of the company. Further, the CEO and principal financial officer must establish internal controls, evaluate their effectiveness,
and disclose to the auditors and the audit committee significant deficiencies or management fraud. These requirements target
the CEO and CFO who may otherwise claim to be unaware of the actions of underlings who have perpetrated acts of fraud or misrepresentation
unbeknownst to their superiors. The certifications described above are meant to preclude any claim by upper management that
they are ignorant or uninformed.
While these rules might not seem pertinent to the family business
whose stock ownership is confined to family/owner/managers, there are many family businesses whose family/owners are not managers
and who do not work in the business. These family members are totally dependent on management for information regarding stock
ownership that may represent their greatest asset. Adoption of the certification and disclosure provisions of the Act, acceptable
to management particularly because they come from an unbiased source, would provide a measurable degree of comfort for these
For many privately held family
businesses the board of directors is a kind of familial club organized more out of legal necessity than to provide effective
oversight of management. For others the board may be active but its membership is confined to family members. The ideal board
structure is composed of family owners and/or managers with at least three outside directors, outside being defined as non-family,
non-management, and with no financial arrangements with the company for consulting or other services. The provisions of the
Sarbanes-Oxley Act of 2002 support the ideal model and give structure and substance to the board of directors and its most
important subset, the Audit Committee.
Traditionally, the Audit Committee has been the Board’s
liaison with the company’s auditor (accountant). A business with an active Board might have had an Audit Committee,
but the work of the Committee was in practice often limited to review and recommendation rather than oversight and enforcement.
The new law has changed all that. The Audit Committee’s largely passive role has grown to be not just a toothless line
of defense for the stockholder, but the active, ongoing conscience of the company.
Audit Committees of public companies will hire, fire, determine compensation for, and oversee the work of the company’s
auditor. The auditor will report directly to the Audit Committee. To ensure objectivity the members of the Audit Committee
must be independent and cannot accept consulting or advisory fees from the company. In its expanded role the Audit Committee
will also resolve disputes between the auditor and management. At least one member of the Audit Committee will be required
to be an expert, i.e., a Certified Public Accountant or present or past corporate CEO. The Committee will be required to structure
procedures for dealing with complaints regarding auditing matters. No longer a shrinking violet, the Audit Committee will
have authority to engage independent counsel or other advisors to help execute powers now mandated by the new law.
Granting such powers to an Audit Committee by a private family owned enterprise might appear to be an unacceptable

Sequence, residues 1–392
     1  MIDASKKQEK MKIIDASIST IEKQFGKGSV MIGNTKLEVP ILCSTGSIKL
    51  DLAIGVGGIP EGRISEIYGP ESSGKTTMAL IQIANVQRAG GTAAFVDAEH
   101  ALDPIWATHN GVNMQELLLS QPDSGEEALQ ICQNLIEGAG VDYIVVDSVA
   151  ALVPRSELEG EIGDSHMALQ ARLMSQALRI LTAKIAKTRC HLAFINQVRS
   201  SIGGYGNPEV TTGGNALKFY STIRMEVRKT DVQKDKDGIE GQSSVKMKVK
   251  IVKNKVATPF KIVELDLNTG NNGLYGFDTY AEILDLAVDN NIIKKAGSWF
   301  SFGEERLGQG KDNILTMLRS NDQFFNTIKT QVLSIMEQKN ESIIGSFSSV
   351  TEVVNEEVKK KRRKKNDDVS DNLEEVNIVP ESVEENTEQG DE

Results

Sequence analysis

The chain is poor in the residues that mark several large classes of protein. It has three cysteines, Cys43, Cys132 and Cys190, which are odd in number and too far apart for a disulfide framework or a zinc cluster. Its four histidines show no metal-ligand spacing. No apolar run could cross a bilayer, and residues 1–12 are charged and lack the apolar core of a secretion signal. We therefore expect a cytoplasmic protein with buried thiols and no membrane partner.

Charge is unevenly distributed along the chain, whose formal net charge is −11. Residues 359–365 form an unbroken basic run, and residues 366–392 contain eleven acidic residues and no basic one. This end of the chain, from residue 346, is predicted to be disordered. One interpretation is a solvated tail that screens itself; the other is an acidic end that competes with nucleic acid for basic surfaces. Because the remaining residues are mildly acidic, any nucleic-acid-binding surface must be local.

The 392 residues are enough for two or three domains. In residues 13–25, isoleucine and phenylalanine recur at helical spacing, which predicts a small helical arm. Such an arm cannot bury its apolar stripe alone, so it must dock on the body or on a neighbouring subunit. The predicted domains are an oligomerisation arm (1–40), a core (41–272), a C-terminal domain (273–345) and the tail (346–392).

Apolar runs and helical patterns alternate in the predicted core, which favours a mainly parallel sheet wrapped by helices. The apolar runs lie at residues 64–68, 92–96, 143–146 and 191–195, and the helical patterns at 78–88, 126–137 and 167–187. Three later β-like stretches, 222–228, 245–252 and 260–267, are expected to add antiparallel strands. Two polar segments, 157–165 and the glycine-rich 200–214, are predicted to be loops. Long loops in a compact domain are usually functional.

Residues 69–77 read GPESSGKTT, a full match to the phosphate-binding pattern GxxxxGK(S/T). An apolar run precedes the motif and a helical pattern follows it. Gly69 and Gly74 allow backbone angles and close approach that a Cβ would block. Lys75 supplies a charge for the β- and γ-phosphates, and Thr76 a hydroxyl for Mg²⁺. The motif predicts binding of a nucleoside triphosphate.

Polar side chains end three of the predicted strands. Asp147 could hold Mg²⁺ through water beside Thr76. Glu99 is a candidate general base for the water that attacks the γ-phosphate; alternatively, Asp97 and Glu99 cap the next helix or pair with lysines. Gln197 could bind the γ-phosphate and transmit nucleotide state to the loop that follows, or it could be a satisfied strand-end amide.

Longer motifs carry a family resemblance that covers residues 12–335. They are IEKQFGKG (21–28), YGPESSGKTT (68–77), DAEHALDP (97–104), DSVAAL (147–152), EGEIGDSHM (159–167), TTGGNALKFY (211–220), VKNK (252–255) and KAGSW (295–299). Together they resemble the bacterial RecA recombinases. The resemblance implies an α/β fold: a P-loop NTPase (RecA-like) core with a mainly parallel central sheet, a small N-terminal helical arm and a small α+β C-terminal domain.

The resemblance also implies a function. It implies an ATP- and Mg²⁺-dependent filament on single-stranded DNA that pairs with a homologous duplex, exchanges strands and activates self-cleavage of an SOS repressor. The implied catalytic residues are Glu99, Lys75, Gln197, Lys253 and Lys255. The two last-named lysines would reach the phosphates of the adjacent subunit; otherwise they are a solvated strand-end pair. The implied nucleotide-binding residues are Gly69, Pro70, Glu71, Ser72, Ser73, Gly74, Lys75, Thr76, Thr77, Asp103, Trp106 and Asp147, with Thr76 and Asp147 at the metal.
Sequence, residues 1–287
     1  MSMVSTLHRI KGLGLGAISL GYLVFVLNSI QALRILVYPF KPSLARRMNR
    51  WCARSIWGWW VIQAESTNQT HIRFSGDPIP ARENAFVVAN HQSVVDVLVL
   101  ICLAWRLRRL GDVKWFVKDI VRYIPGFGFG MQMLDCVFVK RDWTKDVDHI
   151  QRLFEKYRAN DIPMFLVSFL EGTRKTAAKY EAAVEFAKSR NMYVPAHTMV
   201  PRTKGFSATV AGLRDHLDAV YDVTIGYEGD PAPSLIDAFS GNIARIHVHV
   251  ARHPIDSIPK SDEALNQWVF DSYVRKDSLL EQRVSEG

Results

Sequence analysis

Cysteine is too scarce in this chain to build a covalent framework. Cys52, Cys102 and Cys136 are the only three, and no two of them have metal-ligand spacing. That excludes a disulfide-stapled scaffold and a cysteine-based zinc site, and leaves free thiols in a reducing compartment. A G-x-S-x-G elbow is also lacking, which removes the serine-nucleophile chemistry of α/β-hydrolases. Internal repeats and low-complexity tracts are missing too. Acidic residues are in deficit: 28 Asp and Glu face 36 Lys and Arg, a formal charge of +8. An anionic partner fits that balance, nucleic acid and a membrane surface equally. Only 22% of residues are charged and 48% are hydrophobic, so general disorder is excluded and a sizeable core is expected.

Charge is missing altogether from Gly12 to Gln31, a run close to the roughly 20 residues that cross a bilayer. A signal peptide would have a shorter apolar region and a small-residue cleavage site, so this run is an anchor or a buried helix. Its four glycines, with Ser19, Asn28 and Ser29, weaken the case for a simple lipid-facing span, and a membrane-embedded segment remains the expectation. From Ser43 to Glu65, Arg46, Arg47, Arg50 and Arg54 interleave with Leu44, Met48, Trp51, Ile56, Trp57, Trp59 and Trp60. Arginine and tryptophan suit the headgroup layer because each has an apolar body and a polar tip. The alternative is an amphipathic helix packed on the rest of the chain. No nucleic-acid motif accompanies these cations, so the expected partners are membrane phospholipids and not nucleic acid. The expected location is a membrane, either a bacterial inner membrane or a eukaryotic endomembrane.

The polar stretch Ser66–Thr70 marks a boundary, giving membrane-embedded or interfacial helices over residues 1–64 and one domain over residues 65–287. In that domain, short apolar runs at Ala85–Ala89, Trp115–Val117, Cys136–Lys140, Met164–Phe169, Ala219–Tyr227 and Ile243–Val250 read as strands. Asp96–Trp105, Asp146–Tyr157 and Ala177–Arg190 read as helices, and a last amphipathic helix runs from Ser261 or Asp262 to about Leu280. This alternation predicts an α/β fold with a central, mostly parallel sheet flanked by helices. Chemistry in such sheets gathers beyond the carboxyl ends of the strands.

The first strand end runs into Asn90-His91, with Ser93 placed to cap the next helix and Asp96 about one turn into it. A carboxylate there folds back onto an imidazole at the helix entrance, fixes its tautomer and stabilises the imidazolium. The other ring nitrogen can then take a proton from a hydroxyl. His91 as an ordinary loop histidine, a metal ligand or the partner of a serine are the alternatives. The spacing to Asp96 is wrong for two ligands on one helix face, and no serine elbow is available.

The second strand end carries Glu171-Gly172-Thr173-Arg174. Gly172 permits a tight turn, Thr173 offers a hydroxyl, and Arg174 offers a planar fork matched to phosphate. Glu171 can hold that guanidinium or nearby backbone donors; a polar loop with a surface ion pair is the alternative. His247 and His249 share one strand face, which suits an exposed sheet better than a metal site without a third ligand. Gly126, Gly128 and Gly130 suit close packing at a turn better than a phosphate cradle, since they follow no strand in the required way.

intrusion to entrepreneurial free wheeling executives who have built their company with a purposeful eye toward independence
and conscious avoidance of Big Brother’s watchful eye. However, as the governance of the family’s company grows
from the informal Board of Directors, to the family only Board, to the Board that includes outside directors, careful adoption
of components of Sarbanes-Oxley could be of great benefit to the family and the company. While it may not be necessary or
even possible to give the Audit Committee of a family business the wide ranging powers described above, the establishment
of an Audit Committee composed of outsiders, one of whom is an expert, to oversee the company’s audit relationship would
be a comfort to non-management family stockholders and a management resource for establishing sound business practice.
To the extent that the Sarbanes-Oxley Act of 2002 has imposed new, explicit duties on every public company’s
Chief Executive Officer, Chief Financial Officer, and Board of Directors, its passage has heightened the consciousness of
corporate officers and directors to their fiduciary responsibility to stockholders and employees. As each officer signs the
certification of financials, as each Audit Committee member prepares to select an outside auditor, as the Securities and Exchange
Commission scrutinizes compliance with the new law, public faith will be restored in the institutions that have monitored
and governed and fostered American economic growth for decades. The importance of the Act is in its quest to institutionalize
prudent business practice and fiduciary responsibility. It is this goal that makes the Act relevant to the privately held
family business. Study, scrutiny, and adaptation of the law’s principles will be of great benefit to stockholders, managers,
and all the directors of closely held family businesses.
After all, the privately held family
business of today may be the public company of tomorrow. What better way to prepare than to understand and adopt the Sarbanes-Oxley
principles of management accountability and responsible corporate governance?
The information in this article is for general information only and does not constitute legal advice. Readers should contact
their own legal counsel for guidance on the issues addressed